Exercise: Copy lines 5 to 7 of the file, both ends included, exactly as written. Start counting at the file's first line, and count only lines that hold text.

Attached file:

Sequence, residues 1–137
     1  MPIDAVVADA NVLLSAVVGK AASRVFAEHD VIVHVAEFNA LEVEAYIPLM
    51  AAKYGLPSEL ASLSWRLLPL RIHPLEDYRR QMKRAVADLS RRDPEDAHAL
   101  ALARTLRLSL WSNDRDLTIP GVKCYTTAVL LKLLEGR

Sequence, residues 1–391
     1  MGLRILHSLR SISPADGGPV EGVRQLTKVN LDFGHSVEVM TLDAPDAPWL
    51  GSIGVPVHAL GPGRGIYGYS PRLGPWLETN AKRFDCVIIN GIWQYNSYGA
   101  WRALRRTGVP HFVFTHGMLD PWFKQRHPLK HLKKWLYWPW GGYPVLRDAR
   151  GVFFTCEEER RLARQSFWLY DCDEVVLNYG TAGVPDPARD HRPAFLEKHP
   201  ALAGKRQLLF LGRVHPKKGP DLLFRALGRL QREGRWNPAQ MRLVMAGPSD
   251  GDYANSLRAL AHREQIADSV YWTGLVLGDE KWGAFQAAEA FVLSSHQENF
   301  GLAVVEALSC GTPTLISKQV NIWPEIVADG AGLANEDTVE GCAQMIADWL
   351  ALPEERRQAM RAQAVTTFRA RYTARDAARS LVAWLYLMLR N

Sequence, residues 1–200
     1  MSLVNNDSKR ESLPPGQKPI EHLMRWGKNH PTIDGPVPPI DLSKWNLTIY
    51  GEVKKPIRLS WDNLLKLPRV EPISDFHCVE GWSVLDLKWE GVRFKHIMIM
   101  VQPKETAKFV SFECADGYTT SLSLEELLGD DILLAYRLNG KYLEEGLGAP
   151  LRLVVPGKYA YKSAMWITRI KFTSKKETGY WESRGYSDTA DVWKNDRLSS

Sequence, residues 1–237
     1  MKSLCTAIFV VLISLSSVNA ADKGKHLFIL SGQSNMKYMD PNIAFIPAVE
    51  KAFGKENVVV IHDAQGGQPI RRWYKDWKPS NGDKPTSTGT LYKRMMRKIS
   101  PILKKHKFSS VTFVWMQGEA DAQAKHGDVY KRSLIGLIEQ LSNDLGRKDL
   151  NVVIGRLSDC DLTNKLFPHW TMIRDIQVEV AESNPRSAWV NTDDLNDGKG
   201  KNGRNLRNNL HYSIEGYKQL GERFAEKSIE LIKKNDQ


Sequence, residues 1–391
     1  MGLRILHSLR SISPADGGPV EGVRQLTKVN LDFGHSVEVM TLDAPDAPWL
    51  GSIGVPVHAL GPGRGIYGYS PRLGPWLETN AKRFDCVIIN GIWQYNSYGA